Not to beat a dead controversy, but I don't buy Belichick's explanation. Never will. Let me point out the exact wording in the Anderson memo: "Videotaping of any type, including but not limited to taping of an opponent's offensive or defensive signals, is prohibited on the sidelines, in the coaches' booth, in the locker room, or at any other locations accessible to club staff members during the game.''
How is it possible that one of the smartest men in his field -- in any field, really -- could possibly misinterpret Anderson's crystal-clear words?
4. I think we need to let Matt Leinart live his life and not freak out when photos show up of him in a hot tub with four bikini-clad girls. Tell me something: What's wrong with a very eligible bachelor hanging out with attractive girls (apparently very much of age) in a hot tub some night early in the offseason? I heard a TV person call the photos "disturbing.'' Why is it bad for Leinart to be photographed with four pretty girls in a hot tub, doing nothing but smiling for the camera?
Now, I guess it's not the best image to have Leinart, in another photo, delivering a beer to a girl in one of those college funnel-type apparatuses, but again, tell me what there is to be outraged about? Is there proof that any of them are 17? Nineteen? And to be outraged that, say, a 20-year-old college junior (if this even were the case) is in a hot tub with a professional quarterback ... it's silly. Just silly.
We have paparazzi-type Web sites devoted to taking these pictures and promoting public outrage over something I find totally non-outrageous. It's a sad commentary on the way we live that we're spending hand-wringing indignation over this while 9,000 more serious things are going wrong in our society. I like what Scott Bordow of the East Valley Tribune said about it. "How do we know Leinart wasn't at the Cardinals' facility all day, working out, watching film, meeting with coaches, etc. We don't. But we're more than happy to jump to conclusions based on a few photos.''
5. I think these are a few quick NFL thoughts coming out of the meetings:
a. The 2012 Super Bowl will be in Indianapolis, Houston or Arizona. My money's on Indy. The league always gives one Super Bowl to a new domed stadium in a northern city. You'll be pleasantly surprised by Indianapolis. It's not the podunk place it was 20 years ago. Next three big games: Tampa, Miami, Dallas.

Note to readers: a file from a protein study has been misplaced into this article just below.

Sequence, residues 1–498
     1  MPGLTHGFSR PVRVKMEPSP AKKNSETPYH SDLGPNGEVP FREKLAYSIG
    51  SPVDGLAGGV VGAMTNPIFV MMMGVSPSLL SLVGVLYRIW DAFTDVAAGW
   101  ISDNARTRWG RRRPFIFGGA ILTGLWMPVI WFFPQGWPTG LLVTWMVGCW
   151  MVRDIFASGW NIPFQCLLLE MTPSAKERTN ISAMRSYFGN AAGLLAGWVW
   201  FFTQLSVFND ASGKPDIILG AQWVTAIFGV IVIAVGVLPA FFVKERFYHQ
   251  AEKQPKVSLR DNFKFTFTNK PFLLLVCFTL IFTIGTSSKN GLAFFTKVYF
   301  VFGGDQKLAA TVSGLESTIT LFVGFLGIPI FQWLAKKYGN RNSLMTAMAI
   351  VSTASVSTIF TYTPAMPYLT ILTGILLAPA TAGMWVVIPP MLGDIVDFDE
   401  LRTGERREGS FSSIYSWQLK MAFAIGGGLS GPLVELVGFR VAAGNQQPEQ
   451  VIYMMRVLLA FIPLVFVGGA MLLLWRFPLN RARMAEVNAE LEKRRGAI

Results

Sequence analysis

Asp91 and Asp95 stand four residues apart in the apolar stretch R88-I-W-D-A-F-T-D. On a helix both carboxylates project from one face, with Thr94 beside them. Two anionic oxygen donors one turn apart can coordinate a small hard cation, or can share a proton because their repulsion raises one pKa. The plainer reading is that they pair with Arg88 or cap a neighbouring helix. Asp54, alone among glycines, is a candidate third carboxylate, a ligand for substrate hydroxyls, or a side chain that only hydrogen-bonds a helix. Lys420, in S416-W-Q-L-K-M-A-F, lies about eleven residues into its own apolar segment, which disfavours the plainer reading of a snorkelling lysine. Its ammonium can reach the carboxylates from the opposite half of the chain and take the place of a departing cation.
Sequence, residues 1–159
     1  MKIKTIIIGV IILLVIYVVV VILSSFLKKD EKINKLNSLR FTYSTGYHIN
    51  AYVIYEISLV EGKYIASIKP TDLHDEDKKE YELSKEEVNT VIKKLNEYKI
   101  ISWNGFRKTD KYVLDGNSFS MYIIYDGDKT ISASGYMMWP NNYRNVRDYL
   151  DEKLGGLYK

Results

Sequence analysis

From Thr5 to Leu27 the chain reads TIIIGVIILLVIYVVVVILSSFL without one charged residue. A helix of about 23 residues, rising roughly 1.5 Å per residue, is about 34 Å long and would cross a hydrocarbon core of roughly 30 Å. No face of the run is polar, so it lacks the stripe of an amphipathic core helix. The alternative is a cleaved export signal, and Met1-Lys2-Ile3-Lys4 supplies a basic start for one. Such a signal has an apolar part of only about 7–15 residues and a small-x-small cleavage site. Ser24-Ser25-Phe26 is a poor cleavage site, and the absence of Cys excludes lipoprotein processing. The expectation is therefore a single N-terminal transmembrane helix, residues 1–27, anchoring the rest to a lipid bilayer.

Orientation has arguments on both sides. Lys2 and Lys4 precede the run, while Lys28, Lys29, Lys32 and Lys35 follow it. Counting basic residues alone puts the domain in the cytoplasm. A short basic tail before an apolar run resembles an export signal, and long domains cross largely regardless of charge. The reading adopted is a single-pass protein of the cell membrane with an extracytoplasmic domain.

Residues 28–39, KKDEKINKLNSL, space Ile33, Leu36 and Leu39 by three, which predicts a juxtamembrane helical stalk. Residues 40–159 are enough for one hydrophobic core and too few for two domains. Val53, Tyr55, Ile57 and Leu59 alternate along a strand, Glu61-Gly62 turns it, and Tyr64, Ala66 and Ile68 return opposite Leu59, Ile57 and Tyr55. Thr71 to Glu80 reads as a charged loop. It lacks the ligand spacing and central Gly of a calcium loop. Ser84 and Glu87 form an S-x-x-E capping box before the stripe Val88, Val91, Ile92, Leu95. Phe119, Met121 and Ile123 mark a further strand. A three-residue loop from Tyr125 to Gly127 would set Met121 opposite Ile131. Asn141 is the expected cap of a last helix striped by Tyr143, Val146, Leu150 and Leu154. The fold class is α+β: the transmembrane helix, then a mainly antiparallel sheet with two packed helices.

b. Three teams, in an informal raise-your-hand straw vote, said they favored the league's proposal on playoff re-seeding. That's what you call an idea whose time has not come.
c. John Harbaugh's a really impressive man. So impressive that I hear Jonathan Ogden is having some fleeting thoughts about playing in 2008. I'm not saying anything other than he's thinking about it, but that's more than he was doing two months ago, when he was certain he'd retire.
d. Carolina expects defensive end Mike Rucker to retire. So do I.
e. Go to the Middle East this summer, commissioner. Bring a couple of big-name players, Ask Tom Coughlin to go; he would be the best ambassador of anyone in the United States right now to pump up the men and women of our military -- and you just might be able to convince him to go with you. One more thing: You'll think you're doing a good deed for the troops, but you'll say to yourself on the way home: "That's one of the most interesting and enriching experiences of my life.''
f. When the NFL re-did its logo a year ago, it put eight stars on the modernized shield, one for each division. There's supposed to be pride in winning a division title. One of the reasons a revised playoff format was shot down is that it devalued the reward for winning a division. Theoretically, two teams could win a division by going 9-7 and two others in the same conference could win wild cards by going 10-6 or 11-5. Under the proposed system, that would have had the two wild cards hosting the division champs. Imagine a third-place team in one division hosting a division champ in a first-round playoff game.